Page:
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A lot of work has been done on the Middle East and Egypt on their ancient theological beliefs and how a lot of the principles relate to Adams original religion. A lot of this work focus on the Temple/s and the similarity in ordinances, rituals, and beliefs. High Nibley is probably the most popular scholar on the subject.

However I haven’t been able to find any research being done into Farther East religions! Somewhere in this form I saw a user comment that a friend had mentioned to him how the Japanese samurai suicide closet resembled the penalties of the Temple. This piqued my curiosity but as much as I wanted to dig into the history of those ancient religions I have no idea where to start or if any work has already been done!

Any suggestions on where to start my research? Any papers written on the parallels between our religions/temples?

Considering how old many of ruins are throughout China, Nepal, and the rest of Asia I would suppose that there should be an even been connection to Adams religion then even in the Middle East...or maybe not haha

Edited by SettingDogStar

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You might want to keep several things in mind:

Non-Mormon anthropologists who specialize in Mesoamerica generally see strong cultural connections (diffusionary) with China and SE Asia.  Mike Coe is certainly among them.

Modern Hindu puja tends to reflect the initiatory sequence practiced in the ancient Near East, as well as in LDS temples.

Hindu and Buddhist culture mimic the actual stages of life as an initiatory sequence.

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4 hours ago, SettingDogStar said:

However I haven’t been able to find any research being done into Farther East religions! Somewhere in this form I saw a user comment that a friend had mentioned to him how the Japanese samurai suicide closet resembled the penalties of the Temple. This piqued my curiosity but as much as I wanted to dig into the history of those ancient religions I have no idea where to start or if any work has already been done!

There's actually some really interesting parallels with Chinese temples and Solomon's temple. I wrote a paper on it back as a Sophmore but I confess I can't recall all the details. With experience since then I'm more inclined to see most of the parallels as coincidence or divorced from context. But they are there. I'm just skeptical of their significance.

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2 hours ago, clarkgoble said:

There's actually some really interesting parallels with Chinese temples and Solomon's temple. I wrote a paper on it back as a Sophmore but I confess I can't recall all the details. With experience since then I'm more inclined to see most of the parallels as coincidence or divorced from context. But they are there. I'm just skeptical of their significance.

Some useful sources are as follows:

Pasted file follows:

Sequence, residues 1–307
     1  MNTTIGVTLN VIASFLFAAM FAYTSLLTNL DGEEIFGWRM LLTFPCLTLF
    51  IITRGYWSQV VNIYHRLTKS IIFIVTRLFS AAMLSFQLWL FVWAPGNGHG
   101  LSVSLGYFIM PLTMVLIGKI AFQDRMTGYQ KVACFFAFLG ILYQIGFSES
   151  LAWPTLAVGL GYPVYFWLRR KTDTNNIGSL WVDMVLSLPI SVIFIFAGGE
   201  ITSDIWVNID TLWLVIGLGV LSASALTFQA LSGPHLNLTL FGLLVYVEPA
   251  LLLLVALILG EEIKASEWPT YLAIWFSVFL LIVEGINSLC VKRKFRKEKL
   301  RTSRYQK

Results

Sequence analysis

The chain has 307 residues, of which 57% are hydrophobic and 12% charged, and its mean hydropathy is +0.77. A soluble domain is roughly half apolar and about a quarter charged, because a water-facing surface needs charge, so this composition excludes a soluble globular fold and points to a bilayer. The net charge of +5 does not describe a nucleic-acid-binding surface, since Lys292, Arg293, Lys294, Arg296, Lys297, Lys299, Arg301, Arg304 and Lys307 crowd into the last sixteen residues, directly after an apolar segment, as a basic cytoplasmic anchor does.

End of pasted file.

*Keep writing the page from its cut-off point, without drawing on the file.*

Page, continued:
Banister Fletcher, A History of Architecture on the Comparative Method, 12th ed. (London: B. T. Batsford, 1945), esp. 74.

Nigel Pennick, The Ancient Science of Geomancy: Man in Harmony With the Earth (London: Thames & Hudson, 1979), esp. 102-103.

W. R. Lethaby, Architecture, Mysticism and Myth (N.Y.: Macmillan, 1892).

Percy Brown, Indian Architecture (Buddhist and Hindu Periods) (Bombay: D. B. Toraporevala Sons, 1942).

L. Sprague De Camp, The Ancient Engineers (N.Y.: Doubleday/Ballantyne, 1974).

I have always found a powerful confluence among temple, tomb, and palace throughout the ancient world.

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21 hours ago, Robert F. Smith said:

Non-Mormon anthropologists who specialize in Mesoamerica generally see strong cultural connections (diffusionary) with China and SE Asia.  Mike Coe is certainly among them.

 

And the mention of silk in the Book of Mormon.

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2 hours ago, Robert F. Smith said:

Yeh, but there was that recent discussion of yours:  http://www.mormondialogue.org/topic/71361-silk-in-ancient-mesoamerica/ .  So American silk, rather than Asian.

 

Shrug.

I am from the old school that believes a horse is a horse, and silk is not milkweed.

Edited by cdowis
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3 hours ago, cdowis said:

Shrug.

I am from the old school that believes a horse is a horse, and silk is not milkweed.

Yeah I don't know why those dang Nephites just didn't write in English. I bet they didn't even use the word "silk."

Lot of nerve. 

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4 hours ago, mfbukowski said:

Yeah I don't know why those dang Nephites just didn't write in English. I bet they didn't even use the word "silk."

Lot of nerve. 

Fortunately God Himself tells us what they meant with His direct involvement. in the translation process.

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3 hours ago, cdowis said:

Fortunately God Himself tells us what they meant with His direct involvement. in the translation process.

So scripture is inerrant? No human interference, and God breathed? Including the Bible?

Edited by mfbukowski

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1 hour ago, mfbukowski said:

So scripture is inerrant? 

"The translation may be  inerrant, but the text is not."  

It may not make sense but it sounds cool. 😎

Edited by cdowis

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